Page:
Small scale process for the production of peanut milk was developed from M-522 variety of peanut. Three treatments i.e. traditional, 1% NaHCO3 soaking and pressure blanching (at 121 C, 15 psi for 2, 3 and 5 mins) were given for the preparation of peanut milk. The milks so obtained were analyzed for chemical composition and also subjected to organoleptic evaluation using nine point hedonic scale by semi trained panel of judges. Peanut milk prepared by pressure blanching (at 121 C, 15 psi for 3 min) was found most acceptable method. The proximate composition of the most acceptable peanut milk prepared by pressure blanching (at 121 C, 15 psi for 3 min) was found to be moisture 88.22%, ash 0.16%, fat 1.65%, protein 3.27%, total solids 11.78%. Based on the results it was concluded that the pressure blanching was found most acceptable method for the preparation of peanut milk beverage although it had the negative effect on the protein and total solid extraction. © 2011 Association of Food Scientists & Technologists (India).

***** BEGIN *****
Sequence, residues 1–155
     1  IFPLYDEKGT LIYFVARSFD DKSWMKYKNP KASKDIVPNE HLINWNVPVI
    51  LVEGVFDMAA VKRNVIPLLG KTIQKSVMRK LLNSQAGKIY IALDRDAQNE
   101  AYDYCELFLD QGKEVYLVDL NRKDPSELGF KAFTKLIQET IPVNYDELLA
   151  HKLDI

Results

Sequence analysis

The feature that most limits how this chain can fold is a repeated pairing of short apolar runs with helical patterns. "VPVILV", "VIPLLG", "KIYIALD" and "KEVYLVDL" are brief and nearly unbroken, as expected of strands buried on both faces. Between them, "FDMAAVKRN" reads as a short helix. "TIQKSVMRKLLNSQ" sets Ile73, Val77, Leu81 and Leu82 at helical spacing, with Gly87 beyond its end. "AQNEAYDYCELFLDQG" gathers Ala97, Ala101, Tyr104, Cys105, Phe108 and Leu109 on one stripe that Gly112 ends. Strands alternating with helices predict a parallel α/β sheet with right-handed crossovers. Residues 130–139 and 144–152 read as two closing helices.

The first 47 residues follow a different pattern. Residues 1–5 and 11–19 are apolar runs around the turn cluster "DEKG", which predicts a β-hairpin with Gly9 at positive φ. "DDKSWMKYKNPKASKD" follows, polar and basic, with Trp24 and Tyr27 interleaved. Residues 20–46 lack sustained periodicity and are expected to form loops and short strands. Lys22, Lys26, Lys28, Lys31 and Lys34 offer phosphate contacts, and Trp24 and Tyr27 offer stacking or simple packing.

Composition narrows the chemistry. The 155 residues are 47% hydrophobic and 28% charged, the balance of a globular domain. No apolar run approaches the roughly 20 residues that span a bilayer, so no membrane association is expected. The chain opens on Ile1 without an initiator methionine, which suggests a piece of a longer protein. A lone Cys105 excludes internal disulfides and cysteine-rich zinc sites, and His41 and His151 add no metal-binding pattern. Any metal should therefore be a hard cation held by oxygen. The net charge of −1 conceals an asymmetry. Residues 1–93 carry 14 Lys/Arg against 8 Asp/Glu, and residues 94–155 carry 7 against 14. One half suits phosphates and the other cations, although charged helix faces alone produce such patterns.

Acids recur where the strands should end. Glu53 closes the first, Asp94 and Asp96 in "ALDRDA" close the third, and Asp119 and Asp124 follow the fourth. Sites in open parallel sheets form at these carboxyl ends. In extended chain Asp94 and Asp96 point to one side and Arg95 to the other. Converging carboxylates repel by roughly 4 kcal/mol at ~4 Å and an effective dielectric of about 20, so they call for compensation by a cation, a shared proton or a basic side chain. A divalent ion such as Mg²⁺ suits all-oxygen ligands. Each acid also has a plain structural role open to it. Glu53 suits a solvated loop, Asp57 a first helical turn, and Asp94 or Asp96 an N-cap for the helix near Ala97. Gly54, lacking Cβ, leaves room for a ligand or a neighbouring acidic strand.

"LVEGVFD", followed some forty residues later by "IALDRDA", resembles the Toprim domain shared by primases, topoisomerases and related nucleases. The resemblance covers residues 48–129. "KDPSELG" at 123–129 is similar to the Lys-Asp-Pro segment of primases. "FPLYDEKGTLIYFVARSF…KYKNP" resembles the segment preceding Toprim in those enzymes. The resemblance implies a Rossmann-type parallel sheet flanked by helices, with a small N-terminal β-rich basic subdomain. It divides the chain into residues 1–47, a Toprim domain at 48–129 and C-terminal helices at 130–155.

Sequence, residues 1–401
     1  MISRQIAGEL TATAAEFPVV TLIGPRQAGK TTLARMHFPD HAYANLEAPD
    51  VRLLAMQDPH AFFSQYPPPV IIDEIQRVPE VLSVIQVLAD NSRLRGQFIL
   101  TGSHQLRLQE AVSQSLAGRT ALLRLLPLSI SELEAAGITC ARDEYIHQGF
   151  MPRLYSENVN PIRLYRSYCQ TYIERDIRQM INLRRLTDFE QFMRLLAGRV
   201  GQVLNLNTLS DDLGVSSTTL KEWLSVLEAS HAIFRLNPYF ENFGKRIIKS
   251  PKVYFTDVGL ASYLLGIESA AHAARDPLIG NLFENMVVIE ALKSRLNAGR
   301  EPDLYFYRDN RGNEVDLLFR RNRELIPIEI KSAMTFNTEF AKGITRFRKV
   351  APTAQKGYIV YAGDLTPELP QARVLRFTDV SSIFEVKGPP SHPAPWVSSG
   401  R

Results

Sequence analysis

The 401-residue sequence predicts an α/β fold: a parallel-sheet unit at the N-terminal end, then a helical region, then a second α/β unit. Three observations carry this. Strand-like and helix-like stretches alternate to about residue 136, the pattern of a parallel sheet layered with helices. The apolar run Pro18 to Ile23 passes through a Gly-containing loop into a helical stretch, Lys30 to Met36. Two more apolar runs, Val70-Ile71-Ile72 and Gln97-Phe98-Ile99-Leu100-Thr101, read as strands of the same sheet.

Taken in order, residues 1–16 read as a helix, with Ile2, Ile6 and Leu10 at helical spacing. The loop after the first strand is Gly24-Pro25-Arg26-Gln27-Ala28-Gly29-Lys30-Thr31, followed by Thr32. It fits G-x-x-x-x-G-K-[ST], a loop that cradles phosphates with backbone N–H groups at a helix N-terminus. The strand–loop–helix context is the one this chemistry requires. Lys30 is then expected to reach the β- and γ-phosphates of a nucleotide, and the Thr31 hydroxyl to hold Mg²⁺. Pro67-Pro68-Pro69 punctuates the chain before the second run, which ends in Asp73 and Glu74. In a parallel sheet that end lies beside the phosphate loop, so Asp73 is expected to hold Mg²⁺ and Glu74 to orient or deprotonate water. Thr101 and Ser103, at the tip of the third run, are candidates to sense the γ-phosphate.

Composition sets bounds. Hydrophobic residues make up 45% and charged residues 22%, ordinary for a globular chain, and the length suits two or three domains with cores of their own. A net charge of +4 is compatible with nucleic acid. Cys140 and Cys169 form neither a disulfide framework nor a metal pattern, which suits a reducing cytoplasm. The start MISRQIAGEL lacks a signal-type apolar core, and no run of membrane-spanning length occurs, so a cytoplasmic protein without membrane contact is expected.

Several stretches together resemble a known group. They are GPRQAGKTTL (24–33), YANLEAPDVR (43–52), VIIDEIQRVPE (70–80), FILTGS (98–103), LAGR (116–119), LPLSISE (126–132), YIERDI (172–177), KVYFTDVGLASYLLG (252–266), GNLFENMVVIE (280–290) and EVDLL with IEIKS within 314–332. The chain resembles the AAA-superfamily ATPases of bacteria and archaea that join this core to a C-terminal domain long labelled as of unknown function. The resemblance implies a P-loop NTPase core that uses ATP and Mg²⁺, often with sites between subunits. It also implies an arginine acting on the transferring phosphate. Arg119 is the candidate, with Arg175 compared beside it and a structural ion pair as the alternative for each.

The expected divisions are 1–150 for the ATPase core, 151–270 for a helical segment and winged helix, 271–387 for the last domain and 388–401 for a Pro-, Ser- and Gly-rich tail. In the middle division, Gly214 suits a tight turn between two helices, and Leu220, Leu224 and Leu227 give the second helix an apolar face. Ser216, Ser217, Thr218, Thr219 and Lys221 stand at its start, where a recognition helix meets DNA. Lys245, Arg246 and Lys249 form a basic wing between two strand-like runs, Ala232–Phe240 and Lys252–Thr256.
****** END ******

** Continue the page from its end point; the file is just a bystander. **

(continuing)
Manikantan M.R.,Central Institute of Post Harvest Engineering and Technology | Barnwal P.,Central Institute of Post Harvest Engineering and Technology | Barnwal P.,Central Institute of Post Harvest Engineering and Technology CIPHET | Goyal R.K.,National Coordinator
Journal of Food Science and Technology | Year: 2014

Drying characteristics of paddy (long grain variety PR-118 procured from PAU, Ludhiana) in an integrated dryer using single as well as combined heating source was studied at different air temperatures. The integrated dryer comprises three different air heating sources such as solar, biomass and electrical. Drying of paddy occurred in falling rate period. It was observed that duration of drying of paddy from 22 to 13 % moisture content (w.b.) was 5-9 h depending upon the source of energy used. In order to select a suitable drying curve, six thin layer-drying models (Newton, Page, Modified Page, Henderson and Pabis, Logarithmic and Wang and Singh) were fitted to the experimental moisture ratio data. Among the mathematical models investigated, Wang and Singh model best described the drying behaviour of paddy using solar, biomass and combined heating sources with highest coefficient of determination (r 2) values and least chi-square, χ 2, mean bias error (MBE) and root mean square error (RMSE) values. However, Page model adequately described the drying behavior of paddy using electrical heating source. © 2013 Association of Food Scientists & Technologists (India).